-Be* sure lo |.i\c Got ul   \\ ii.��*
fi      fit
67 LS
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fr Tin.* lii'-l  i- Pillcil
%      WILSON'S  INVALID  PORT     1;'
% uiui ki*iu .it tlie        ���       *,_
j* Canada Drug & Book Company, fr
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fr kevllsiokl                , >:���
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HKMI.N.��� Oil     Tlull--ll.IV.     -.Jill  lllht.. .ll
Km...   tu   Mi.   .ind   Mi*-**   A.   1'   I!*
Hem n.  ii tl.iii!_-litcr.
��� ���   a:
I     %^   xf*
Lvj     eta-is ��".
\px   M
-.1 ii Ii'il    uoi I     on    ,i
I-,; tin' li.'lli \   (it   Si
Crown-Phir.i"<>r.--Ou ilth   InM .   ii
ChllM,   flltllill.   V.lllC*(MIM*l,   bv   He*'-
\j S. Tm.ki'1. Yi'i-t linyl'- l-'iiiui**
I'lonvn. -cm ot M>'. Wi-m hnvle
fiinivir nf boiiiliii.. Out . tn .M,.l*<"l
TM.'iiic'.uct. rt.tiip-litt'i' "f I''*' 11* f''
Vlnlpol i'i <!i*nixinSt. Viiniuiivei**.
Mi.\\\.���Oi| Kiid-iy, -'"'I*!' ">-t ���
inf.uit .-imi uf Mi. .mil -Mi-. <
Notes of
V. l*"i*i**_-ti-oii It-fi, limn foi    IVist.iM)"
yc-iUMiliiy. .
3.11. Cn*���in,tn. (.lit* \Ii Ki-'ii/.u' A"**'
l-rtilcu, i- ,i ','iu-t .U lliel'ityli'i''".*    '
"'Ven. Aitliile.ictiu rontic.it.li ��� -
f\pt*(.ti;il luck Itniii tlio i ,i-l ik-M
Mi-.    T.ippinu     i-    ii'iincimir    lu'i
llt'.lllll   .it    li.lllfl  .111(1    iM \|U*Llfll home
in  i week'- tunc.
The I .put-nth Le.igiii* .tie ljiv mi? ������
-m.-i.ll mi .MdiicI.i". evciiiiic.. All yuiint:
people loidi.illy m\ iled.
Mi*-**   M.i^me   M.ijnrli.ib ii'liii'"'il I"
K,'i-el-t(ike^ilU*�� *\U'inleil   visit Ln
ln-i-p.tit.iit-- .H Winnipeg.
1. K. i"oinU. tlio u'])i(-*i nl.iti***' ��'l
tlie Hen no l,.iyne-,>ucliiuU-*> inli'i'-l-
.il Lawn.-, i- in town (<> ��l-��> -
.Mi.-uul  -Mi-.   W.    I'"    Cm In.in-   nl
.M.iclecid.     Alt.i.   p.i*-*-cil   lluoiiuli   <���������
. Un- moinine;'*, Li.un In'"* U"*' ��'"st*
''    Capt. Gilloul. ���r.iipi'iiiite.ii.'-iit nl   llio
bilvei   Kiim mine. Ni*l-i n. cimc up mi
Tliuisd.iy   .mil   went  iIiihukIi   in it"
Mi-s Fi.inc.e- DimiI "lie -i-i*-* '"'*-'"
���iw.iv in Toronto now nculy two
yea is for her ciliicUuui,  is e^pecleil tn
li'tlllll lO'ligllt.
-Mr. 0. F. Lintlniu-k ���.���..is eletlcd 1,ij
renieseiilriti\e tci the I'lisums? ilistnil
meeting of thi'-Meilioil.-t c liuu hub .it
Kamloops, on M.iyiiul.
The Vernon N'ew- note*, tli.it Haul
r..un.rul ol Aiiii-luiii'-:, .itoitni'i u-i
dent of Ru\ i-l-toM*. iu l.ucl up Willi a
-eveie.iltaik oi linnhai-'o.
P. Ohapin m of the wholesale hi in ol
A. -Mc Donald A fn Nel-on, i auic* up
on Thills-day ami. went mtu the
J^ndeaii next inmnii'ir.
James Wilk** has** oisani/eil a ninici-
union at Foupi.-nn. with I'i inenihi'i ���*.
Vincent Lade i�� pu*=.i(lenl anil Ale\.
(ioidnu finauci.il aecrel.ny.
Theie i- a imnoi in ciuulalion that
���l deal is heinir oi has heen made w hei i -
liv the C.P. R. accpiiu'b an inlfioM
in the townsite ol Comaplix.
The filial ireutinq or the oliic ,al
bii.iid of the Methodist ch'iuh un
tin- (.onfei onee year inccl*. on Monil i>
e\ ennit_-.it 7.'Win lhe p.iieon.iiie.  -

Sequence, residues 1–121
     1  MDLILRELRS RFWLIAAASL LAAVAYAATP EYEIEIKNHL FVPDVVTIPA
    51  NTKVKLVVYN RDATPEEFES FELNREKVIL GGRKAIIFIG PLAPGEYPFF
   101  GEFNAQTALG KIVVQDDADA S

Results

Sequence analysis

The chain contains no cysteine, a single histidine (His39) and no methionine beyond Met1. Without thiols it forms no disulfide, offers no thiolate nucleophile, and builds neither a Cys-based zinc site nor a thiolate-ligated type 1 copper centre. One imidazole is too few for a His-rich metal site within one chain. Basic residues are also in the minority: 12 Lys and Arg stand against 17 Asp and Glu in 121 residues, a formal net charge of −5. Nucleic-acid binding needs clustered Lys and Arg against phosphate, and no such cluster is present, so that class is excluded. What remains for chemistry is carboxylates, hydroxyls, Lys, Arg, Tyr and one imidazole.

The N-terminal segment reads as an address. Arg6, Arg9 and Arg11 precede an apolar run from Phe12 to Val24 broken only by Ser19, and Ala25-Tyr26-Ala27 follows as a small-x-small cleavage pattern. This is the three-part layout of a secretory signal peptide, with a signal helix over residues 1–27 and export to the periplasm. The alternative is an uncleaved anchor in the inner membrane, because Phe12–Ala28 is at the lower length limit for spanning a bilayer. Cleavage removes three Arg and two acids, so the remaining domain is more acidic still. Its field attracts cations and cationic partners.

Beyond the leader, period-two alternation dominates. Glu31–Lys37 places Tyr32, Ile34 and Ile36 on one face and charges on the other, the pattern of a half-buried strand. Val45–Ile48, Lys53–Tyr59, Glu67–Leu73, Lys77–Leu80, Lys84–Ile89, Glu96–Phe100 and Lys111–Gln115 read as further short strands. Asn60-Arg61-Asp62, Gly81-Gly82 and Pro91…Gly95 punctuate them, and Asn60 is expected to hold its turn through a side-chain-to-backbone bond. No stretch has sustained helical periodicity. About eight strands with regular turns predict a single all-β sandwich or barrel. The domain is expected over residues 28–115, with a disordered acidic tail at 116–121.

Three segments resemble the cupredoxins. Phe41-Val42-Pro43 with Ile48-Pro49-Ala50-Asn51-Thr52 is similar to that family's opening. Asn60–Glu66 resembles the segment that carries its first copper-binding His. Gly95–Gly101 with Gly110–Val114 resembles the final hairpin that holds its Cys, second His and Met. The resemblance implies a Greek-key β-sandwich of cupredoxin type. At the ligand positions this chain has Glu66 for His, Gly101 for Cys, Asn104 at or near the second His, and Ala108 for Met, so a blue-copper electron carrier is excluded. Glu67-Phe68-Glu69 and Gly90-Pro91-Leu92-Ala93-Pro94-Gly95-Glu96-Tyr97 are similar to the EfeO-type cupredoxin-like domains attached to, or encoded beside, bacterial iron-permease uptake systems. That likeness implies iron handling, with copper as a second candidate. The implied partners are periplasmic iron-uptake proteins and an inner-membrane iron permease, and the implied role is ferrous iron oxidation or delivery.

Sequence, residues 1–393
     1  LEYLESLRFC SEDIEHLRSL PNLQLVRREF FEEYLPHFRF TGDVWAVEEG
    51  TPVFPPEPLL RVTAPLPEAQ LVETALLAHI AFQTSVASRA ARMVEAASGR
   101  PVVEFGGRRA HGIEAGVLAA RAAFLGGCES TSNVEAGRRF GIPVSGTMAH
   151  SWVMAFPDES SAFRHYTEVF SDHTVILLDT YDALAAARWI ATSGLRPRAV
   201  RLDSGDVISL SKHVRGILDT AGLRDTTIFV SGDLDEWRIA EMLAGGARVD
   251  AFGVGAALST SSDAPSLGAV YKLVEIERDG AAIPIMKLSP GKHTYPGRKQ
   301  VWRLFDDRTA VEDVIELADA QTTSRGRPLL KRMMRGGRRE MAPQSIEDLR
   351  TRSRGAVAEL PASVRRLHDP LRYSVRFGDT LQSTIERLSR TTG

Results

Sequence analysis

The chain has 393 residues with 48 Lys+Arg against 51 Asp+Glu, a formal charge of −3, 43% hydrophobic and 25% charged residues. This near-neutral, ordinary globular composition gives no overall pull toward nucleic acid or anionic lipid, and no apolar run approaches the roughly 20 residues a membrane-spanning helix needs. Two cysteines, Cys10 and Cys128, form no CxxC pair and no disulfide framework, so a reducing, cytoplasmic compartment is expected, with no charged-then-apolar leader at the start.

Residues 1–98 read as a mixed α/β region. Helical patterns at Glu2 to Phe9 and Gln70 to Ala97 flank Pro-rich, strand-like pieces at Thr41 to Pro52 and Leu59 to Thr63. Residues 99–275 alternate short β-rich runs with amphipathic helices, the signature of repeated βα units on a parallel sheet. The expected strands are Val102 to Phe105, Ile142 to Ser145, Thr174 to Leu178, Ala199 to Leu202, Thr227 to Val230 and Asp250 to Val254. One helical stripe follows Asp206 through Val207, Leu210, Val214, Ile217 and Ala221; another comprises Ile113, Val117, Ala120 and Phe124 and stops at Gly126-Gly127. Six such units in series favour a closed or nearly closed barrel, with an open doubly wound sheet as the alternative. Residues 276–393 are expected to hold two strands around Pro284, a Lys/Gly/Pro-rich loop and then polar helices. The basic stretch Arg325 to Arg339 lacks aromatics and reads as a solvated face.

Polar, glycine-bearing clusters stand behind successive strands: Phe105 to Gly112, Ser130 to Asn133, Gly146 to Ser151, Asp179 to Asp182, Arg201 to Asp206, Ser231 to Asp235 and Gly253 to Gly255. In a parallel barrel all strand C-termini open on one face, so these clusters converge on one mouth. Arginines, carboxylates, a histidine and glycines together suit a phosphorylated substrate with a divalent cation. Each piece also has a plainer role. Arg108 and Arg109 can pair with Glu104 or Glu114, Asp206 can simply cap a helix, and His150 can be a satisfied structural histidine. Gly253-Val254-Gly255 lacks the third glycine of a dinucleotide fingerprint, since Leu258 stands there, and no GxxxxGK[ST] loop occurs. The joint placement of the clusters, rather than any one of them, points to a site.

I. O. 0. I", both locl'-.c- KeielstnUe
and Kelkiik will p.u.ule to Hit .Metlie-
ilist iliiucli ou Snnrl.1% iii'.'hl aL 7 'il
\*i-iliug hu-tliiea aie ieijue=Le.l lu
Kev. .*-.. .1. lliomp-on went eolith *i>
]lalcvon ll.io nun nun? m pui fc i in
fniiPi'al m*i mci's fm a \ibilor who died
rheio \esie.clay. lie will letiiin tonight.
J. AV. Cir.-s. M 'I' . lily li-'illli
ofti(-t.i. lias lepoiieil uloimiiu'IkIiii';
die citv to do ii-- own ��i a\ I'liir.in? ai.u
aclM-u.'-r the n-e i.i"-������; tu I.uil.s Im
c e**>pi"->l- in tOw n.
Two lot- oullieC. P 1!. to>Mi**iti
l.ctweeli the Impel I.ll 1! ink-��� nil nei
Sni-mi l-"ii-l ami MiK'*n/'e aiul_ -Mi-
.)a-. I,iiii1pi - j-tou* v.i ie-.'id on j'tiui-
u.i\  foi .-.wO-lapiei*'.
S    s'niilh  h..'.
i op. i ul 'x ������]��� i.i"
I'i*;11 - i ,ii ii h.
Sei i a ?'-   in 'M.     I'i Ill's  illl'lili    t(
i'n.u, i nil    Thiul   Suuil n   alu-i*   KhmIci
,\ ill lie  i- n u,il.   I!e\.f. A."   Pu.iiiiiic i j
oil,i Mini,;.
Cii'o McKeevei wlmal one I nn'e w'is
cn'-C.ij-Yil ui Im mi ni; heal ( lulliw ,u k.
i t ii ii* in t.i'iil Diiuplnn. .Man, wheie
lie h is I ili'lv tiei'ii ii'siclin*?. mi Tlnii -
iliiv in 1'iiiiMis mil Miss. MiKe(*\ii
whiii une hole aliout i ninnlli ai;o
Tlii' lanu'.v inlend Intake up I ln-ii ���
i e idem e hei e.{
\hinui-. I'onl i epoi'ls the nei snU I-
Ifi ���( I inn*! Iioiii the lMi���I -lilpnie'U
ol .Ni tiio I,    in i*   lo      I un   ah ni!    (lie i
-.im    tho   | ii ��� \ mil-,   shipim n1. ��� aiiil
1 ,ni Im Iho imu'li Inwoi pun* ol   s.lvei
ami lead prov.ulni'? now  i,imp nod   <o
I i-l  'ail would hn i o .-rone a   '.noil   ill1 ,1
Mi anil Ml'-. Vi*|silio\ 1* fiouyu, a
iicwlv 111 II I It'll \",IIH ouvoi ( o.iple p i-t
llllii'ii?li nit y e-leiilav's ,Vii '2 on then
wav east Ml-, ("mnvn wa> M i���
I'h 'poi,   -i-lt I ol    I.   I>    Pliilpnl.   eh t
II it i.'ui. who   was visit ii.s? hi ie  .il Ml-.
Kpni line's last -u un   ^ Mi.fionyni-
is-isi.i,nL an oiiiil.inL at,    the   llaukol
Muiili i al in Vain ou\ ii,
Tliu ineolini? ol the K *.\ elstoke (imi
("lull, tailed Im T'iiiu-jil.iy i*M_ninc? ii
the I!evel-toki, wa- po-lponeil 1.11
Mondav at llu* - line 1 inie a'ul p! ice
nw m'f? In lhe un i\o.dahle ahbeiu e ol
suinf* ol the ineinhels. A nuu.bei ol
h iiltl-o ne' pins mil othei liopl'li-
li.ne hi ell seemed loi competition ���''*
the \*. eckly .S.iiiuil.u.piai tise slto.it
.\ pililinn was pit-senleil it list
n i? .t's (oillilll nn el in,? bl,?IH'il b\
piiipuilt ow neib iepie.se.ntmi; t>ioi net
lunLhoI Llie a-SM'bM'd \alue nf the'cUA